Oxford, £9.99 Order for £8.99 (free p&p)from the Independent Bookshop: 08430 600 030

The Alice Behind Wonderland, By Simon Winchester

A picture of the original young Alice

Lewis Carroll's two Alice tales are enthralling for grown-ups as well as children – but is there also something adult, as in "adult magazines", lurking in the background? Eyebrows have long been raised at its author's hobby, of taking nude photographs of little girls.

Some of Simon Winchester's previous books have depicted aspects of the 19th century: the Krakatoa eruption, a murderous contributor to the Oxford English Dictionary and a geologist who showed that Genesis was not Gospel truth. He now turns, in this intriguing and enjoyable book, to the "uneasy resonances" of a "disturbing" 1858 portrait of a six-year-old "lazing coquettishly" with "a winsome look". Dressed as a beggar-maid in a very off-the-shoulder dress, Alice Liddell was to become the eponymous heroine of two of our greatest children's books.

Having summoned up the spectre of something nasty in the shrubbery, however, Winchester exorcises it by declaring Charles Dodgson (Carroll was his alias) to be as innocent as the children he snapped. It was a case of his having inner child, not an inner dirty old man. The retiring Oxford mathematician was thought to have honourable designs on Alice's older sister.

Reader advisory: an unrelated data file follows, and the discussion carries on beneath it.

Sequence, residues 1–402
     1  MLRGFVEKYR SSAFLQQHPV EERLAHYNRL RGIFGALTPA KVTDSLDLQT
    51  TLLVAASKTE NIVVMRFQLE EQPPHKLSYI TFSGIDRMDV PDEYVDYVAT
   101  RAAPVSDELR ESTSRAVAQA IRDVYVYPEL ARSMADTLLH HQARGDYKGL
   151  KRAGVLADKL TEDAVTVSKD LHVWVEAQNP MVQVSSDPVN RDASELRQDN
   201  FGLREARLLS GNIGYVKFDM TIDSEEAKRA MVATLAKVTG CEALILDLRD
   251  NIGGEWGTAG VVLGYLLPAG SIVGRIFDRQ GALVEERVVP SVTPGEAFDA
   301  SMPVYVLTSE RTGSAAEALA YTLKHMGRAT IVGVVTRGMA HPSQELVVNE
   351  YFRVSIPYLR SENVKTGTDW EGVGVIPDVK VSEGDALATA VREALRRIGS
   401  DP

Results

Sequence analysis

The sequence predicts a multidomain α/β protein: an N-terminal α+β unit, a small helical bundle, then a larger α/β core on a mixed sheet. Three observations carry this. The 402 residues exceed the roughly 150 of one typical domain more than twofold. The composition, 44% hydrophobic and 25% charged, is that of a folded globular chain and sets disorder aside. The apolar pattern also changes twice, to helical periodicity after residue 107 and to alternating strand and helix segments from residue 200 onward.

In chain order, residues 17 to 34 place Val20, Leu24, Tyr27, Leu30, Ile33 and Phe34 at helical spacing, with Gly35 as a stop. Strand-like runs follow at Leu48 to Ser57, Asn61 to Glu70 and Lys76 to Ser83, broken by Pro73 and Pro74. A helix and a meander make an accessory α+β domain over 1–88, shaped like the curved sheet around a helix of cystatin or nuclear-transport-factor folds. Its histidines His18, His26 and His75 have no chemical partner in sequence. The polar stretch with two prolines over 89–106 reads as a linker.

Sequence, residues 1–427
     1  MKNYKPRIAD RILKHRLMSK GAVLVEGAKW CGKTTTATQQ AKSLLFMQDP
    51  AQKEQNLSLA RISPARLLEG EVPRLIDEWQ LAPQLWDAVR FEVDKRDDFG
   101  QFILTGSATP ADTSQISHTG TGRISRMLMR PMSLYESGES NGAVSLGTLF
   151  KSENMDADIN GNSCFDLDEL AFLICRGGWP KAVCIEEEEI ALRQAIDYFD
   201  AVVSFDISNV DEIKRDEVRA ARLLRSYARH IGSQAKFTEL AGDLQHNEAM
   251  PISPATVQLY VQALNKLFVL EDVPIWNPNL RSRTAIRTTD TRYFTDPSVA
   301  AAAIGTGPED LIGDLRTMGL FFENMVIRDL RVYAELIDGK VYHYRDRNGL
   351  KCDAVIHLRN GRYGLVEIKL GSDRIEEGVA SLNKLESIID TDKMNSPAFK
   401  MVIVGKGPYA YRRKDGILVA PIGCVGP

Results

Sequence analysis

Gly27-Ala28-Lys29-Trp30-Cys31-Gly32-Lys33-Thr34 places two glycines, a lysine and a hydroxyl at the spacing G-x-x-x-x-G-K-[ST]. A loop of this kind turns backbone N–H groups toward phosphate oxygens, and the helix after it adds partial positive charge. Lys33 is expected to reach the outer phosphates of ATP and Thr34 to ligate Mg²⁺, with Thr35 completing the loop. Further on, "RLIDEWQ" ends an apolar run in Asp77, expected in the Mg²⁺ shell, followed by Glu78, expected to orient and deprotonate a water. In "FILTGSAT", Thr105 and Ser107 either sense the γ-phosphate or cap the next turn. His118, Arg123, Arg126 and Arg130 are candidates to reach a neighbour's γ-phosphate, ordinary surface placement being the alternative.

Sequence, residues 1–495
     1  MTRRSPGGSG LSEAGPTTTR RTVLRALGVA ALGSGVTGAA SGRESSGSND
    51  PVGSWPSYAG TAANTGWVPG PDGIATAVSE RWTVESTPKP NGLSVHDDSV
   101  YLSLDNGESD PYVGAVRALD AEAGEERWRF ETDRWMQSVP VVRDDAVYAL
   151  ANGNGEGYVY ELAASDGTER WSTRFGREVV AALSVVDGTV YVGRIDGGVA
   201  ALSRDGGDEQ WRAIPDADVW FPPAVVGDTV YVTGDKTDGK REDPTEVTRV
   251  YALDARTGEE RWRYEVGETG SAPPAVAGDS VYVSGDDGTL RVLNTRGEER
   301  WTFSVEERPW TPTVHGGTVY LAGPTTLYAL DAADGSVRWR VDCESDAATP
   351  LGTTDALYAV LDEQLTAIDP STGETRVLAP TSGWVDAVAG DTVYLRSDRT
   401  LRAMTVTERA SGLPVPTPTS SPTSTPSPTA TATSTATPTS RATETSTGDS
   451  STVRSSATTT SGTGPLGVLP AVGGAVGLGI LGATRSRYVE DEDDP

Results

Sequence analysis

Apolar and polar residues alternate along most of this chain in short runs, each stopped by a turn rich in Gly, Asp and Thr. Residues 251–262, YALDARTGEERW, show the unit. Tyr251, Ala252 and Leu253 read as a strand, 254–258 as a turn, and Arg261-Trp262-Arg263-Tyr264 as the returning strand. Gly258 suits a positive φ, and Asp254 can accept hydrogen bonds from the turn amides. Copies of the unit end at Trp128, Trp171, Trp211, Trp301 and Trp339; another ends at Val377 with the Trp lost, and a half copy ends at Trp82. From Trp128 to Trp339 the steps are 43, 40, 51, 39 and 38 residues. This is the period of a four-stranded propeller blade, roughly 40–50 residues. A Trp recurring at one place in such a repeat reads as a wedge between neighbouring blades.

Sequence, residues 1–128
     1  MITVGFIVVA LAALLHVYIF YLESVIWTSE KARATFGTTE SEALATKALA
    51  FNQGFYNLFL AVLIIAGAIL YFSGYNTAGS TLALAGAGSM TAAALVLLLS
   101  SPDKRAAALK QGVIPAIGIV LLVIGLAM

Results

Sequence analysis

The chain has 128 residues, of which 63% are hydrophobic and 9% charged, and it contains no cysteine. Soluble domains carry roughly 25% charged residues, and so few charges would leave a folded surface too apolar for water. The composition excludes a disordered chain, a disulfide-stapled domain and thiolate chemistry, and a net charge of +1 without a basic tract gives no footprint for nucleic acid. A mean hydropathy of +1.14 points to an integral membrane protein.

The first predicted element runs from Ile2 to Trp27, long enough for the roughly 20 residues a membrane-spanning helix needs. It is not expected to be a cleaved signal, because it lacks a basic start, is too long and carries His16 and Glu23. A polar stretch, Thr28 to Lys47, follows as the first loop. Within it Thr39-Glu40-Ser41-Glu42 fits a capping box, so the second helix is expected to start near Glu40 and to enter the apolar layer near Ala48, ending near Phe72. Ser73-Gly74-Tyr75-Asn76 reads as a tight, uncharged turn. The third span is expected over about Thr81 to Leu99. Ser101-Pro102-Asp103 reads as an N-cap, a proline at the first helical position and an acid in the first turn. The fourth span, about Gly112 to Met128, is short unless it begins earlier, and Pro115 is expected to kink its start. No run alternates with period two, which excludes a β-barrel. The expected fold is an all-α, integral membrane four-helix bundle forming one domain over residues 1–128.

Those of us who have enjoyed reading the Alice books to our own children will be glad to have that cleared up, although it might seem to sabotage a slim volume by tipping its central theme down a rabbit hole. Fortunately, Winchester saves the day by using the evocative photo as a way into the development of photography and the part it played in the creation of Alice's Adventures in Wonderland, by bringing Carroll into contact with the family of his boss, Henry Liddell, the dean of Christ Church.

He met the Liddell children just as he had bought his first camera and his writing career was taking off. When she was 10, Alice joined a boating trip up the Isis, during which he extemporised a subterranean yarn about her, with himself as the Dodo. His words would have been lost on the Oxford air – but Alice asked if he would write them down for her. A year and a half later, he gave her Alice's Adventures Underground. After a further year it was expanded and published as Alice's Adventures in Wonderland. It was absolutely brilliant or, as the Jabberwocky would have put it, brillig.